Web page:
This week has been a recovery week, something that I see as a bit of a treat - a chance to sleep in a little bit some mornings and have a few evenings free of a workout. A good mental and physical break. Sadly, I still struggled a little bit with fly in the pool today, I think my arms were a little tired from strength training yesterday and maybe the timing of my kick is off, but I felt like I couldn't get my shoulders and arms out of the water. I've been watching a few videos of good swimmers doing fly just to see how it is supposed to be done (and in a desperate attempt to have my body learn through visual osmosis). I'm sure I'll figure it out in the end, it's just a little frustrating because - for a time - it seemed like things were going really well and I was on a fast-track learning curve.
Today was one of those days where I wished I had a gold star calendar. I was awake at 5am, out of bed by 5:10am, and out the door for my run by 5:20am. This is a very rare occurrence (SO lazy, SO tired, SO unmotivated 99% of the time) - so rare that I don't remember the last time I had my running shoes on before 6am. Let's add to this list of anomalies - after my run, I went to the pool, arriving at my usual time. When it was all said and done, both my swim and my run were done by 8am and I felt like I had conquered the world (or at least my typical morning laziness).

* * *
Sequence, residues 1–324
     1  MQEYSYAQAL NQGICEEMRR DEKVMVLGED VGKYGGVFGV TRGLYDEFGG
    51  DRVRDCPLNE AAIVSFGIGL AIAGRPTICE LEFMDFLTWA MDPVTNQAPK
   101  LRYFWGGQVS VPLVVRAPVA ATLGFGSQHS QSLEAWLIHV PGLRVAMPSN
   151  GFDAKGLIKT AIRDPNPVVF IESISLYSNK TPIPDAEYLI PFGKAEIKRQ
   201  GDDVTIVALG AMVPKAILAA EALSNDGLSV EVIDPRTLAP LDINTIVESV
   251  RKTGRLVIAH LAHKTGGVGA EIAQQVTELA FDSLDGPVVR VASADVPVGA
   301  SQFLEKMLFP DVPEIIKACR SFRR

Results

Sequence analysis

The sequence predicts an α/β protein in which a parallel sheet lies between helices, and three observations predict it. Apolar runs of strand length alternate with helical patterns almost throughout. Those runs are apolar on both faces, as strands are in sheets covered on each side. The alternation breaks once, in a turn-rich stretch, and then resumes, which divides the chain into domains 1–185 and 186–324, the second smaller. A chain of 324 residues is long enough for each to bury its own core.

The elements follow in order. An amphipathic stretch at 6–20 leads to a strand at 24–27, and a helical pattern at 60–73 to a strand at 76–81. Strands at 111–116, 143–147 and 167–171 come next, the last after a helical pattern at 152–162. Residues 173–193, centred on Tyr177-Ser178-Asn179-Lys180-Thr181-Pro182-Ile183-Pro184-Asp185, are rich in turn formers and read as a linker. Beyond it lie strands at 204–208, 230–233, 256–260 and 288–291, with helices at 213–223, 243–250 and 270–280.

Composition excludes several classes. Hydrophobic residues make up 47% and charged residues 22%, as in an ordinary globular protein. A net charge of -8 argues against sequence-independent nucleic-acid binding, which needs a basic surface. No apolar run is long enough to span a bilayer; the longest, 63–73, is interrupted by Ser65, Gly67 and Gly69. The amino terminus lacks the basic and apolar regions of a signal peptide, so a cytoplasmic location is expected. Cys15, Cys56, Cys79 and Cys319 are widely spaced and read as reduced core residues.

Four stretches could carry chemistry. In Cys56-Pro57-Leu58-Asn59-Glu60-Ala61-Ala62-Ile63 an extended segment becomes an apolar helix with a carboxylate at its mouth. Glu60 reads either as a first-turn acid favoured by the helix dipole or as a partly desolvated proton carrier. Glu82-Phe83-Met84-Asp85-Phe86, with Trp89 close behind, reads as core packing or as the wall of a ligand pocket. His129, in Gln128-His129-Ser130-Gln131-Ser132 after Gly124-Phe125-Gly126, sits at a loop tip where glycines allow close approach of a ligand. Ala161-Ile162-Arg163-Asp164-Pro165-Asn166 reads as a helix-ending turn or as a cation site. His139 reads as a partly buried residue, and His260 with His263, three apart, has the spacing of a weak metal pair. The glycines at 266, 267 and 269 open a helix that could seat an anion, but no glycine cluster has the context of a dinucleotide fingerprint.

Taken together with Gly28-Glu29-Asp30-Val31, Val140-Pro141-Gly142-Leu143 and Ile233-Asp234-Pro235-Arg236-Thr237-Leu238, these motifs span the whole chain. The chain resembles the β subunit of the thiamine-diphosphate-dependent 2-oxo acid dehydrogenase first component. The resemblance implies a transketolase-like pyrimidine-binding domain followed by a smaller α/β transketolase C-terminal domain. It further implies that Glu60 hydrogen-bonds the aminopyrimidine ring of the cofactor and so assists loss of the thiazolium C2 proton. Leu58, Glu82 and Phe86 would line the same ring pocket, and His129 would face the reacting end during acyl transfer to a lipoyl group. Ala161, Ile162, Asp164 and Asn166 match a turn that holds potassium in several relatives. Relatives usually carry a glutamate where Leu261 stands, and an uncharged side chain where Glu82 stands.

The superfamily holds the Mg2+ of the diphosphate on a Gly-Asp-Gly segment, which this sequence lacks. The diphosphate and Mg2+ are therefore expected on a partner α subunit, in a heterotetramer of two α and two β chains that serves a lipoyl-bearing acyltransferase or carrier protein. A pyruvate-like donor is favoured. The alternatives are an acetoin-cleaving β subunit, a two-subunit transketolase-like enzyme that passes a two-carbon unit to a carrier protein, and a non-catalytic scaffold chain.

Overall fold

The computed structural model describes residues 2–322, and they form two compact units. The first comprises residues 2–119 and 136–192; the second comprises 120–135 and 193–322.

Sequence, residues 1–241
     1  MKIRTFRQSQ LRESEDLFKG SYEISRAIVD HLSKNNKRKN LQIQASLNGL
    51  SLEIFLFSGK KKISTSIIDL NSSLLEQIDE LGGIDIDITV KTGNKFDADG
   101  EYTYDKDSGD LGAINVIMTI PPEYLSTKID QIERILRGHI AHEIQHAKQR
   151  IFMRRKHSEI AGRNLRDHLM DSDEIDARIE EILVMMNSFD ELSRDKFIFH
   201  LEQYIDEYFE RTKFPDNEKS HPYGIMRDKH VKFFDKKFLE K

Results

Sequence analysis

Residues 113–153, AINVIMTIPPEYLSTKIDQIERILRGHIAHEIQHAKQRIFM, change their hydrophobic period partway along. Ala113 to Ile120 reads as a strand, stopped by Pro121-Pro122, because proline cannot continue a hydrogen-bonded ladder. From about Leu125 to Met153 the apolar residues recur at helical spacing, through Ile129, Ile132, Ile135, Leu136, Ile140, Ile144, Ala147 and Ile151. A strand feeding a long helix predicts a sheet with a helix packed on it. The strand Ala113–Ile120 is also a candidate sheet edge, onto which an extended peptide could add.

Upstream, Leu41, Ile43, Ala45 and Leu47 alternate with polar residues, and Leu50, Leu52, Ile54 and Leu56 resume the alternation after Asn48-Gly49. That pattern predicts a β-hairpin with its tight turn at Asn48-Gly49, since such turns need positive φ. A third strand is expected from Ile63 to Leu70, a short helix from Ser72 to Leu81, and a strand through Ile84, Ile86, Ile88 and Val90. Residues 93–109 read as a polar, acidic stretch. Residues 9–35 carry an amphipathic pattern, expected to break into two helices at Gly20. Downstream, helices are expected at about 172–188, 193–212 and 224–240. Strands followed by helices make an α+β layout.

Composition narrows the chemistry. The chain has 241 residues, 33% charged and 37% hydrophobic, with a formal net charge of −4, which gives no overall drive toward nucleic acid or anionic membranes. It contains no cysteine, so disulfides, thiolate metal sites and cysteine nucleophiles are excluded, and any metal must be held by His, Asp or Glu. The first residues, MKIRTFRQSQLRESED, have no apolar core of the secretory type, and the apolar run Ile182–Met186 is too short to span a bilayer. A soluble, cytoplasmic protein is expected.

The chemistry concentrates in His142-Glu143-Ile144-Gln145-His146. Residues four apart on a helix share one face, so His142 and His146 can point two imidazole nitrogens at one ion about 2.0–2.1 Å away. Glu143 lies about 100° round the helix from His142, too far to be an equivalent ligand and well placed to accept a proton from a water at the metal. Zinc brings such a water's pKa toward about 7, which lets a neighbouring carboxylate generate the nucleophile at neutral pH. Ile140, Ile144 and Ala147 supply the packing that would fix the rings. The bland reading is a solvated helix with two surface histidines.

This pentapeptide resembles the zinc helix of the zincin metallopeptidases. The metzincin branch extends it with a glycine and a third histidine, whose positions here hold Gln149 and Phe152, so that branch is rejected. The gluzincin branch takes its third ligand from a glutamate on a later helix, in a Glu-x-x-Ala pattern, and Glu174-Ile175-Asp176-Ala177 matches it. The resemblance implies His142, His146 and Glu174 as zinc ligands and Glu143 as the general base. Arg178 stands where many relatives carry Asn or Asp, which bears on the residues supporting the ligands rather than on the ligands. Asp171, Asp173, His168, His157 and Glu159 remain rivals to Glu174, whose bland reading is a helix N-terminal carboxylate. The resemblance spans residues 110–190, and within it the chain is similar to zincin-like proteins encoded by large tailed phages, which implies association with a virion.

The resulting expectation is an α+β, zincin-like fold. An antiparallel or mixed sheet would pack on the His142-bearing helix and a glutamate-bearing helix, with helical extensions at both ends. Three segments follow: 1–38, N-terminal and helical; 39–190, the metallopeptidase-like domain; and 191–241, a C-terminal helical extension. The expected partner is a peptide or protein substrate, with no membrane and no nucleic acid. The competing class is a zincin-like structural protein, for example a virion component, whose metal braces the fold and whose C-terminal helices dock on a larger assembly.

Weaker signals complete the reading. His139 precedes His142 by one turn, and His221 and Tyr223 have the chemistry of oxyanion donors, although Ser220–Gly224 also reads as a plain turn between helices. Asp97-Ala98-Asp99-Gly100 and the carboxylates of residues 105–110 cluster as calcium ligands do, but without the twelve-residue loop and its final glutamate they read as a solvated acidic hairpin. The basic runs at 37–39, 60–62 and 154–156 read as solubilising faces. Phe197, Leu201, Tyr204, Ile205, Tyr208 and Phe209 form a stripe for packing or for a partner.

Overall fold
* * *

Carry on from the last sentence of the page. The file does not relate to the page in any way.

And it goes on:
I've been on a book-reading hiatus for the first 6 weeks of 2013. After cramming 7 books into the month of December, I wanted a break. Anyway, tonight I finished my second book of the year - Beautiful Boy: A Father's Journey Through His Son's Addiction by David Sheff. As the title says, it's a father's account of what it is like to have a son addicted to meth (among other drugs) and the effect the recovery-relapse cycle has had on him and the rest of the family. He talks about his son's life, from the very beginning, and the signs of how experimentation turned to addiction, changing his son into an unrecognizable, hollow, terrible shadow of who he once was. I know I was (and still am) completely naive about the prevalence of drugs and, in particular, their availability to kids in middle school and high school. Perhaps it was because I hung out with a squeaky clean group of people, but I wouldn't have known who to buy drugs from in high school and I always figured the worst drug on school grounds was pot. Reading this book was eye-opening. It is easy to view drug addiction as a choice (nobody forced you to take a hit of something) and blame the addict for relapsing and making a mess of his/her life. But this book was a visceral description of the day-to-day struggle addicts go through. Every day was a struggle. It's something I can't fathom because the closest thing I have an addiction to is chocolate, completely not in the same stratosphere. As a reader, it was difficult to see all the ups and downs, lies and deception, pain and heartache that the author's son put his family through. Each time it sounded like he was getting better, he would relapse. You could see the transformation in the father over the course of the book from his high hopes for his son's recovery, doing anything and everything necessary to facilitate it, his happiness completely dependent on whether or not his son was using or clean - to a person whose feelings have been hardened by the lies and deceit and disappointment. Gosh it was so depressing. If you have someone in your life that you care about who is an addict, this was a good - depressing, yes - but extremely good book to read. Eye-opening, really.